Single of the Week: Chelsea Wolfe – ‘I Love You All the Time’

i love you all the time play it forward

In November 2015, Eagles of Death Metal became more well known than they have ever been over the course of their entire career. Tragically, this came on account of their gig at Le Bataclan in Paris becoming the target of one of the multiple terrorist attacks that took place on November 13th. In the wake of that horrific night, after the band had been able to take stock of what had happened and who they’d lost, Eagles of Death Metal spoke with Vice about their individual experiences of the attack in a heartbreaking interview.

Feeling like they needed to do something, anything, to help those affected by the Paris attacks, and in many ways to affirm their love and appreciation for the fans who attended that gig and lost people they loved, the band decided to use this newfound position in the wider public consciousness to do what they could. One of the first decisions they made was to donate all royalties from their cover of Duran Duran’s ‘Save a Prayer’ to charity after fans started a campaign to get the track to number one. Inspired by this, Duran Duran also pledged their royalties for the track to charity.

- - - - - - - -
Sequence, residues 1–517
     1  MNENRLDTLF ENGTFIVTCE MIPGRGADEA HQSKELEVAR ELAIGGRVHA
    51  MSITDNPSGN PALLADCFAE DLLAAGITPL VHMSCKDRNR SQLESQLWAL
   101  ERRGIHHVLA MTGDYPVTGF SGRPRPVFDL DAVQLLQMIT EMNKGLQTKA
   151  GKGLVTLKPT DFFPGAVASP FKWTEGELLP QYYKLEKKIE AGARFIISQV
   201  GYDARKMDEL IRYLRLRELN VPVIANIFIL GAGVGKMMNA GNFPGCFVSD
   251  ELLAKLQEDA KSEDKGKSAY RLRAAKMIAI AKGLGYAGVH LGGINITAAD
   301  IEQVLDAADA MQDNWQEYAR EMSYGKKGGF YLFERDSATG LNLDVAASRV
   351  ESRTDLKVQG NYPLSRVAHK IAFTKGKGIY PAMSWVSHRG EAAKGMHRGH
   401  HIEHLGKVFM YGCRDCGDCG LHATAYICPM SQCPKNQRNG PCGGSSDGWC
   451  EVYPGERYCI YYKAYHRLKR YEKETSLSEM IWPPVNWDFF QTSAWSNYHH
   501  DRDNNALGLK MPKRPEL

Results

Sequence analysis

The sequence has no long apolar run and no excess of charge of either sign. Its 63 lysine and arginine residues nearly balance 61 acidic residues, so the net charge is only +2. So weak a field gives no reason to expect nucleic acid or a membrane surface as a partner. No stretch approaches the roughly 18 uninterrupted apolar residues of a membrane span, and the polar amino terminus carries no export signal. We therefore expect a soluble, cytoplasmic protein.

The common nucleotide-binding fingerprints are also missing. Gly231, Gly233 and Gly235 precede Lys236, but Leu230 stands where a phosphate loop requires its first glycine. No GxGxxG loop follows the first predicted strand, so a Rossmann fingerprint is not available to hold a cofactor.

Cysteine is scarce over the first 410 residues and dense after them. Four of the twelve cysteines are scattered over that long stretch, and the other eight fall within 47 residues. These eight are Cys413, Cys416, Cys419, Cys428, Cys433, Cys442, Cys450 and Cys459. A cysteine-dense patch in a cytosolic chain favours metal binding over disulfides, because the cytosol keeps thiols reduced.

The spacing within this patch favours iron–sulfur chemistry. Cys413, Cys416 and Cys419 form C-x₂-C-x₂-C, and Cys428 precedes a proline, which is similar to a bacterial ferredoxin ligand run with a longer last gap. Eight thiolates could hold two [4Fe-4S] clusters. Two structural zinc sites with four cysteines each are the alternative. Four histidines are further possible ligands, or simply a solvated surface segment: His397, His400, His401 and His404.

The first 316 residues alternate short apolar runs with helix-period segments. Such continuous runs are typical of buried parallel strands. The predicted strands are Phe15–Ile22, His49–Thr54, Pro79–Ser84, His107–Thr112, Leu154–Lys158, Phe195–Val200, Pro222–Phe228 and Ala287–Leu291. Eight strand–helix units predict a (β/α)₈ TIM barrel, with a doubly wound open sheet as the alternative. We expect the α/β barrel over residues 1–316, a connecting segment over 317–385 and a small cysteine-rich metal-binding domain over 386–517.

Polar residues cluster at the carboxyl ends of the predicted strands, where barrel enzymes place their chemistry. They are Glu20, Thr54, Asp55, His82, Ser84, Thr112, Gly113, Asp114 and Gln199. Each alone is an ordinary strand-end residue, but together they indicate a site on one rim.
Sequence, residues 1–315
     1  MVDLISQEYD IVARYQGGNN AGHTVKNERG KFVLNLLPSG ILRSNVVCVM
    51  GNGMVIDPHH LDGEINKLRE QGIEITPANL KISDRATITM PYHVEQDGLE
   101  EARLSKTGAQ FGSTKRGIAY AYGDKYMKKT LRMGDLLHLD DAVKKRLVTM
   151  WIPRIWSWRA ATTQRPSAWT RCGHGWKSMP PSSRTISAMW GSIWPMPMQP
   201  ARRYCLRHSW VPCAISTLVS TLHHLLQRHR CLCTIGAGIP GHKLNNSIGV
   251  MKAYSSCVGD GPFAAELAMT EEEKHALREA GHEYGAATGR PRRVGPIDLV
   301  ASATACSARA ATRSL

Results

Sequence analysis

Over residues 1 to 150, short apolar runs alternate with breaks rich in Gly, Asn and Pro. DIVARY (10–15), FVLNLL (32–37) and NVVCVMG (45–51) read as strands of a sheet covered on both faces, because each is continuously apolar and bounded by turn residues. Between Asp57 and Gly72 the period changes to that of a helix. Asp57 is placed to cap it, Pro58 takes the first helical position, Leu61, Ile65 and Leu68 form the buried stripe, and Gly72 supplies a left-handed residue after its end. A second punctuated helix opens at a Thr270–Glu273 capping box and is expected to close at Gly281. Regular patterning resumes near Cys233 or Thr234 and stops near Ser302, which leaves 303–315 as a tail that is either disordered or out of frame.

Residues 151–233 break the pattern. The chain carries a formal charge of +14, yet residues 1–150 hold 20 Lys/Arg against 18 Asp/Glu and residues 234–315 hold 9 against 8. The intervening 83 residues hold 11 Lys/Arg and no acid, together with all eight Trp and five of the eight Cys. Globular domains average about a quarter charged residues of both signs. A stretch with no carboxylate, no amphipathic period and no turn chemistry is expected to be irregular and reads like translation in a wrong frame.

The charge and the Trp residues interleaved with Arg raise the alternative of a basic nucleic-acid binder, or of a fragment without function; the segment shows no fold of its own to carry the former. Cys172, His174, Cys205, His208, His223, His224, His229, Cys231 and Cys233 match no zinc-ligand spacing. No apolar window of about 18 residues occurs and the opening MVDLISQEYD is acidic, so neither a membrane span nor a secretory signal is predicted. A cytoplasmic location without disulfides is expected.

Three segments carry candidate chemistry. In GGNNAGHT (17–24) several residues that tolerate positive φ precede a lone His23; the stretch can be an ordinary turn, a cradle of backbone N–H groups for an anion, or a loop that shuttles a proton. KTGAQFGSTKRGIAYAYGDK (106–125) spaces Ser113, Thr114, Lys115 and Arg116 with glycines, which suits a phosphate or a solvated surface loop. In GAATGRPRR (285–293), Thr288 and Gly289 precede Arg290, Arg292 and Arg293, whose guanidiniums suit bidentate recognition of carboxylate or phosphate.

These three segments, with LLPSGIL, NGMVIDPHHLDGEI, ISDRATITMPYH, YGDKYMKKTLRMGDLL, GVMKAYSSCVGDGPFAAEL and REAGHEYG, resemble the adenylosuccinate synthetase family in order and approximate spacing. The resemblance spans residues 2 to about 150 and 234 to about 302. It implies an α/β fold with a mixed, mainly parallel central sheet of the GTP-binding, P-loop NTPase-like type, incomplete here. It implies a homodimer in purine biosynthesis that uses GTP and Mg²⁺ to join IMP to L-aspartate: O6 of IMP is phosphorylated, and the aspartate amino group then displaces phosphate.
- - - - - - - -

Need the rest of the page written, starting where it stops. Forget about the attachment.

Following on from this, the band opted to do the same for their track ‘I Love You All the Time’ from their latest album, Zipper Down. While doing so, Eagles of Death Metal have also been encouraging bands and artists alike to cover the track and contribute their version to a series of releases of cover versions with proceeds going to Sweet Stuff Foundation’s ‘Play It Forward’ campaign; set up to aid all the victims of the Paris attacks.

Many artists have delivered their own take on the track for the campaign, including acts as diverse as Florence and the Machine, My Morning Jacket, Savages, Kings of Leon, Jimmy Eat World, Mini Mansions, and Imagine Dragons, among others. However, this week’s Single of the Week is easily the most striking and emotionally impacting take on the track. Having completely transformed it from a quite fun and mellow rock track, that manages to be sentimentally a ballad but aesthetically a cocksure strutter, Chelsea Wolfe’s rendition is almost painfully beautiful in its atmosphere.

Wolfe’s version strips everything away and rebuilds the track as an ethereal expression of pure longing and loss. In their new context, both of Wolfe’s cover version and the tragedy that brought it about, the song’s lyrics in a number of places take an altogether more poignant, pained, and tragic meaning. A genuinely stunning but heartrending take on the track.

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